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Meeting the Queen

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During my term as director of protocol for the city and county of San Francisco, HRH Prince Andrew paid a visit to the city. As dictated by British protocol, I was not allowed to speak to the prince until first spoken to. This was difficult, seeing that he was coming to our city and I was supposed to welcome him. Nonetheless, I followed the rules and waited to greet him, first as "Your Royal Highness," then "Sir." The same applies to all other male members of the royal family. Female members are also referred to as "Your Royal Highness" in the first greeting, and as "Ma'am" afterward.

The protocol observed when meeting the Queen of England is traditionally a little more complicated. Here are some tips on greeting Her Majesty if you're lucky enough to be invited to tea at Buckingham Palace.

• Unless you are a Brit, you don't have to bow or curtsy in the presence of the queen. A slight nod of the head is all that's necessary.

• We all remember when Michelle Obama hugged the queen. That created a stir, as the rule is that the person meeting the queen is not supposed to initiate any physical contact with Her Majesty.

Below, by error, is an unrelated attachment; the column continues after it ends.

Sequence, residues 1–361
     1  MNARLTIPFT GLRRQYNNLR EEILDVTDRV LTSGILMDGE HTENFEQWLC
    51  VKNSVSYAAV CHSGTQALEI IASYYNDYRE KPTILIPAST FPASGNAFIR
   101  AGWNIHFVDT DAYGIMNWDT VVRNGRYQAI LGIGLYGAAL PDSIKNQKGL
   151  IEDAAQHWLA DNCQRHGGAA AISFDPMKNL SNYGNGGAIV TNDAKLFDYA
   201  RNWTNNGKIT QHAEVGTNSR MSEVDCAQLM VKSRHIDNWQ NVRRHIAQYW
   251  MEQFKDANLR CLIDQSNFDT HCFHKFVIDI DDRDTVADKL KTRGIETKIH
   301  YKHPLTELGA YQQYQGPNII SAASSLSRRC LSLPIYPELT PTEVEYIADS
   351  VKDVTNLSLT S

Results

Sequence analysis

• The queen may shake your hand, but you must wait for her to extend her hand first. When she does, make eye contact and extend your hand for a brief handshake.

• You must always let Her Majesty speak to you first, not the other way around.

• When addressing the queen, you should first refer to her as "Your Majesty," and after that as "Ma'am."

• If the queen chooses to make conservation with you, your must never ask her anything personal about herself or her family, though you may say "How do you do?" and that you are pleased to meet her.

• It is considered rude to turn your back on the queen.

Lisa Mirza Grotts is a recognized etiquette expert, an on-air contributor, and the author of A Traveler's Passport to Etiquette. She is a former director of protocol for the city and county of San Francisco and the founder and CEO of The AML Group (www.lisagrotts.com), certified etiquette and protocol consultants. Her clients range from Stanford Hospital to Cornell University and Levi Strauss. She has been quoted by Condé Nast Traveler, InStyle magazine, the Los Angeles Times, and the New York Times. To learn more about Lisa, follow her on www.Twitter.com/LisaGrotts and www.Facebook.com/LisaGrotts.